Created by stars Amanda Lund and Maria Blasucci and director Jeremy Konner (“Drunk History”), with Jack Black as an executive producer, "Ghost Ghirls" began as a Syfy project before finding shape late in 2014 as a Yahoo Screen Web series consisting of a dozen 10-minute episodes. (Its general premise — a comedy about addled humans helping restless spirits move on into the light — was, not long after, the coincidental basis for the Tyler Labine-starring
Even before Yahoo Screen had its plug pulled, "Ghost Ghirls" had become hard to find; but it isn't now, and it's worth the clicks and more than worth the relatively small investment of time. You can binge the whole series in the time it takes to watch a couple episodes of "Game of Thrones." And yet it does not lack for variety or an air of abundance, its haunted places including a baseball diamond, a tax office, a middle school, a brothel and a woodland spa. The guest-star power is considerable: Jason Ritter and Jake Johnson in the pilot episode, along with Natasha Leggero, Kumail Nanjiani, Colin Hanks, Larisa Oleynik, Paul F. Tompkins,
“Gary Saves the Graveyard”
The setting (and some initial mayhem), notwithstanding, the comedy is gentle – it's a piece about friendship and fulfillment and the grind of life and not-life, and it's all lovely and almost sentimental in a way more associated with the holidays that end the year than the one we celebrate tonight. Santangeli, Dern and Medel are each excellent, locating the human in the uncanny, steering clear of caricature – I would make them stars if I could. (YouTube)
L.A. locals of a certain age may remember this after-school series, broadcast on Channel 9, then called KHJ, now KCAL, featuring a pint-sized Frankenstein puppet (voice of Jim Thurman) and his mad-scientist maker, Dr. Von Schtick (Gene Moss), a kind of Borscht Belt Transylvanian Soupy Sales. Though there are still a few kids shows whose adult makers are mostly entertaining themselves, this particular kind of loose-limbed, no-budget, hipster-ish, play-to-the-crew type of show doesn't really exist anymore, a victim of media conglomeration, corporate homogenization and video on demand, by tape, then disc, then download. (It survived as a memory in "Pee-wee's Playhouse," in "The Simpson's" Krusty the Klown.)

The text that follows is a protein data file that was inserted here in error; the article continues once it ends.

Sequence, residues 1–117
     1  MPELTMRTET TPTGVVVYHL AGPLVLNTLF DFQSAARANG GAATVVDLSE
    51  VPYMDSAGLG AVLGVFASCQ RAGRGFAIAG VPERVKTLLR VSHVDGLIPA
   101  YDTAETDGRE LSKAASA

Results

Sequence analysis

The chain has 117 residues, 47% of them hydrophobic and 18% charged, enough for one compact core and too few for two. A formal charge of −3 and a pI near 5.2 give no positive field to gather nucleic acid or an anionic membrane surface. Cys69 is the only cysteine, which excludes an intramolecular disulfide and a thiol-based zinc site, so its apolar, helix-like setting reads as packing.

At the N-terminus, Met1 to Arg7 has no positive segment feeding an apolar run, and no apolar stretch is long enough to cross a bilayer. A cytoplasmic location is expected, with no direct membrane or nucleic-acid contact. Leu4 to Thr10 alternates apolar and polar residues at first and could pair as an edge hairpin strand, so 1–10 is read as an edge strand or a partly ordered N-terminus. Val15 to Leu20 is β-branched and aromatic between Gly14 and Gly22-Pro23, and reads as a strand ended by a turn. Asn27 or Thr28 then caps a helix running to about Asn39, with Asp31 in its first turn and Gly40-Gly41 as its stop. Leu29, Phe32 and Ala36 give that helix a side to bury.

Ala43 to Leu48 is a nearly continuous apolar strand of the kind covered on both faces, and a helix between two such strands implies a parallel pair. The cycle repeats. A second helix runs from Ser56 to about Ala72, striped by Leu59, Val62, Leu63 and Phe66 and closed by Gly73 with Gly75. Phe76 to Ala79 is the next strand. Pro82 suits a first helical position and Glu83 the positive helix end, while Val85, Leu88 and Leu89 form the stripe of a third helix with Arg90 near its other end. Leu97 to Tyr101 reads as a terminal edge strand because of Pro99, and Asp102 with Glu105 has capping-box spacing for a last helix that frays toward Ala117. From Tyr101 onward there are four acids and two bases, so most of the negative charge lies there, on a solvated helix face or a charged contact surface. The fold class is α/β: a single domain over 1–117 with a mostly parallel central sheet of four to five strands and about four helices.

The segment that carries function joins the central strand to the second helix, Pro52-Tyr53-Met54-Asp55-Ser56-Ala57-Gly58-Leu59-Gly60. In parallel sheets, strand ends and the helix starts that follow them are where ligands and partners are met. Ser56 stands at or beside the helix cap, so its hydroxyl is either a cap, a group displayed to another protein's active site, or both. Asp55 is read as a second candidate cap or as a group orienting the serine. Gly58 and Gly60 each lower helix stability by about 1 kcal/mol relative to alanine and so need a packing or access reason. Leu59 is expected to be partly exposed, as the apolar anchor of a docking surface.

Broadcast from 1966 (or 1967, depending on the source) to 1968, more or less coeval with "The Monkees" and "Get Smart!," it captures the spirit of its transitional times, with one foot in Mad Magazine and the other in the Free Press; counter-culturally, in language and rhythm and attitude it is more pop-beatnik than proto-hippie, with its mix of elaborately formal language and beard-and-beret slang. But it's definitely the kind of outside entertainment that can make a young mind impertinent, skeptical of authority, disinclined to join the rat race. Note references to the Marvel Comics-based cartoons the series broadcast, way before anyone imagined that stuff would rule Hollywood. But Hollywood could use a lot more of "Shrimpenstein," for my money, and my Halloween. You can read more about the series here. (YouTube).
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